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The  High Cost Of Misclassification of Workers-Truckers

Posted by Jeffrey Forbes on Mar 21, 2019 9:00:00 AM

 gavel with money blog title The High Cost Of Misclassification of Workers-Truckers

 High cost for Businesses Misclassification

California continues its aggressive moves to protect truck drivers and crack down on misclassification of workers as independent contractors.  The California Labor Commission opened 2019 by awarding 24 drivers who work at the Port of Los Angeles and Port of Long Beach almost six million dollars in compensatory damages in two separate.  Additionally, the Labor Commission held the manager of the 24 drivers personally liable under California law for the damages.  The decision is major sign of California’s ongoing intent to crack down on these issues. 

 Lost Government Contracts

The first case involves California Cartage Express, a warehouse and port trucking company.  The company faced considerable public backlash due to ongoing labor difficulties and lost government contracts as a result.   It was purchased in 2018 by NFI (National Freight Industries), a company based out of New Jersey.   14 drivers were awarded over $3.7 million in damages.  The second case involved California Multimodal LLC.  The judgment in that case involved 10 drivers and totaled $2.1 million in damages. 

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Additional Costs Of Violations

The California Cartage Express case also involved a finding of personal liability for the manager of the 14 drivers.  California passed a law in 2015 making directors, officers, or managing agents individually liable for violations of the state’s wage and hour laws.  The manager will be jointly liable with NFI for the $3.7 million in damages if the judgment is upheld on appeal.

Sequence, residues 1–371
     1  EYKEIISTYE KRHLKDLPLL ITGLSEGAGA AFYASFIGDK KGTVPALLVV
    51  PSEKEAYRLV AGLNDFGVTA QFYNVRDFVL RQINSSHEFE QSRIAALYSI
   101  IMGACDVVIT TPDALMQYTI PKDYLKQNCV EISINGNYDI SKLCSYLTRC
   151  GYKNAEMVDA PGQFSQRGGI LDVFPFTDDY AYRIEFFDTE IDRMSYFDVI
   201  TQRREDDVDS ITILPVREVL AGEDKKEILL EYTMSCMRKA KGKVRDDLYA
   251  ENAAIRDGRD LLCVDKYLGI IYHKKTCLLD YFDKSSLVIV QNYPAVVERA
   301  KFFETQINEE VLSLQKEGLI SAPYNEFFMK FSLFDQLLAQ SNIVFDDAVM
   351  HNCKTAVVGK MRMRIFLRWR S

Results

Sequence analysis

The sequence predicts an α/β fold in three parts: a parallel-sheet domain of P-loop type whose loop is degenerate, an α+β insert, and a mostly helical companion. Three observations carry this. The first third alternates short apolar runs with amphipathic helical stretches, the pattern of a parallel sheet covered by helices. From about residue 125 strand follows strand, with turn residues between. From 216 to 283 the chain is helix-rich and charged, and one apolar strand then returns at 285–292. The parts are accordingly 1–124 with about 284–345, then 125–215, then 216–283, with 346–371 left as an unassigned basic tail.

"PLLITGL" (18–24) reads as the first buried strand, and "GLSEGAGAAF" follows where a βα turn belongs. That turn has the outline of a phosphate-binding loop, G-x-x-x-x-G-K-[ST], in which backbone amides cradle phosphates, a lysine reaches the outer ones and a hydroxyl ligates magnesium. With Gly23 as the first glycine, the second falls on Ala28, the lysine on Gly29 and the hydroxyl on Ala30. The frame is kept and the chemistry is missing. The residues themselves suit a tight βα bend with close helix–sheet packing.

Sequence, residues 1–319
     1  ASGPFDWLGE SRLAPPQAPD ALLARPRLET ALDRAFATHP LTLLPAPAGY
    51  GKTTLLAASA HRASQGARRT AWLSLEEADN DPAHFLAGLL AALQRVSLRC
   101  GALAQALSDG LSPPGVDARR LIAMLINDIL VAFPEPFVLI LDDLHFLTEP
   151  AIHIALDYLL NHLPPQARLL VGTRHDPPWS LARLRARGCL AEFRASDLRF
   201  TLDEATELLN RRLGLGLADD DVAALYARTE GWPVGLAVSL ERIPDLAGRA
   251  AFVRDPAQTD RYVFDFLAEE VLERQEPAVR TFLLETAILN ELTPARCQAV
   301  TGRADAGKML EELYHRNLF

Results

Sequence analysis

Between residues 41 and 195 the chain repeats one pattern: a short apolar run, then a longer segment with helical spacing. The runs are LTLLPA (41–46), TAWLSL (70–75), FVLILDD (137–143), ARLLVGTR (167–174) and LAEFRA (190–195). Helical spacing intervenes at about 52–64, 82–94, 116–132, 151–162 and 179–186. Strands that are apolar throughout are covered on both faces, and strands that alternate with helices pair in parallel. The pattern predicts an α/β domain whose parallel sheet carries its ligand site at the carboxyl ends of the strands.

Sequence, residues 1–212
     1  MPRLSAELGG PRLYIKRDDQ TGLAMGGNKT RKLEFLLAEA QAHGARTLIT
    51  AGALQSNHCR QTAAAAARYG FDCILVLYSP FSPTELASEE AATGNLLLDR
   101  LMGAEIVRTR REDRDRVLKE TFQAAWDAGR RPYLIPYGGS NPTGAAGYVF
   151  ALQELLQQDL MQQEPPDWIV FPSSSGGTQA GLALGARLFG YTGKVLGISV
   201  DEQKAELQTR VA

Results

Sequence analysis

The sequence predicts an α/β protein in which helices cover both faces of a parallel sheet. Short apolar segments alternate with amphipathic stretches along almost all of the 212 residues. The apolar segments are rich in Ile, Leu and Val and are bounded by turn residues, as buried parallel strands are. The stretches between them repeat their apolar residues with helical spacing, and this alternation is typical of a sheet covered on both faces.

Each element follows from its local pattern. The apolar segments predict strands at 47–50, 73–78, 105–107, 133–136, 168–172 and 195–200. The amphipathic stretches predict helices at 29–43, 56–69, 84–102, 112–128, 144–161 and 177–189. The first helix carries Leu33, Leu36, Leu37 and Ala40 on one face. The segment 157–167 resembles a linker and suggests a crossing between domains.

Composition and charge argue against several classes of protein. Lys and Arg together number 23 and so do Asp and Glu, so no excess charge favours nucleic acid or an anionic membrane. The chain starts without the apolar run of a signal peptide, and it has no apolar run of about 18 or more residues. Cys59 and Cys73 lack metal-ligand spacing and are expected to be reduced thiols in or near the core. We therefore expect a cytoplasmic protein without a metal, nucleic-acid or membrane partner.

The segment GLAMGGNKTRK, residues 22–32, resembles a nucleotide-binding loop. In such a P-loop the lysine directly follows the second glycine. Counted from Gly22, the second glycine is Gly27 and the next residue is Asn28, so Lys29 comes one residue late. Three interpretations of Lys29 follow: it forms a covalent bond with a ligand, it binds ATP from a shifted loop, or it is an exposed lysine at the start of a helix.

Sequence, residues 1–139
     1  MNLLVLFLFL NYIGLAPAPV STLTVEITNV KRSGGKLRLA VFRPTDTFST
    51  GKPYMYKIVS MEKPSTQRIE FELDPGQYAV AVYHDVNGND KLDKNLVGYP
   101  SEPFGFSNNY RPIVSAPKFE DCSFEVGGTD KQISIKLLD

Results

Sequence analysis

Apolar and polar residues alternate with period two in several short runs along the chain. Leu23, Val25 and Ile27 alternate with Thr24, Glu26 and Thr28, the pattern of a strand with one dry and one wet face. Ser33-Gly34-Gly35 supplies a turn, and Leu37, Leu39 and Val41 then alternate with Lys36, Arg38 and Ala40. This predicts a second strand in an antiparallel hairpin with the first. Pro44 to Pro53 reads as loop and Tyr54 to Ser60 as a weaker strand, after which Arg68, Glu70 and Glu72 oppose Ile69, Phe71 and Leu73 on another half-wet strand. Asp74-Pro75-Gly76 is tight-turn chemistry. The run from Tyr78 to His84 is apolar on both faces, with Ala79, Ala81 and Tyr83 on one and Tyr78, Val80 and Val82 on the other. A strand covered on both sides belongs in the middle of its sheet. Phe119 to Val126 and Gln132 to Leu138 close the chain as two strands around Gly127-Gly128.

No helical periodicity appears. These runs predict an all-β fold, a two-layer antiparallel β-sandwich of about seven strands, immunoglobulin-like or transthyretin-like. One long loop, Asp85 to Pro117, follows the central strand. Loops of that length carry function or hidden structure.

Independent Contrators vs Employees

The fundamental issue in the cases involves the classification of truckers as either independent contractors or as employees.  California has aggressively pursued the misclassification of truck drivers as independent contractors and tried to ensure as many are treated as employees as is reasonable.  After finding that the drivers were employees instead of independent contractors, the California Division of Labor Standards Enforcement assessed damages for unpaid wages, failure to pay the minimum wage, unreimbursed expenses, and failure to give meal and rest breaks.  The damages also include interest and attorney’s fees.

Millions In Damages Remain Unpaid

To coincide with the decision, California also published a preliminary version of port trucking companies with unsatisfied court judgments or liens.  This follows the passage of a law last year making the customers of trucking companies liable for damages if they do business with companies on the maintained list.  CDLSE has assessed over $45 million in damages recently against trucking companies and maintains that the bulk of that amount remains unpaid.  The law is an attempt to strong arm companies into paying the labor judgments against them.

What Trucking Companies Need To Know

Trucking companies doing business in California need to stay abreast of these changes as the state attempts to make non-compliance as expensive as possible.  Even those situated far away should take heed, as it seems possible that a few other states may follow in California’s foot steps.

 

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Topics: Trucking & Logistics, For Your Business, HR Insights, Independent Workers/ Contractors, Managing Workers in Trucking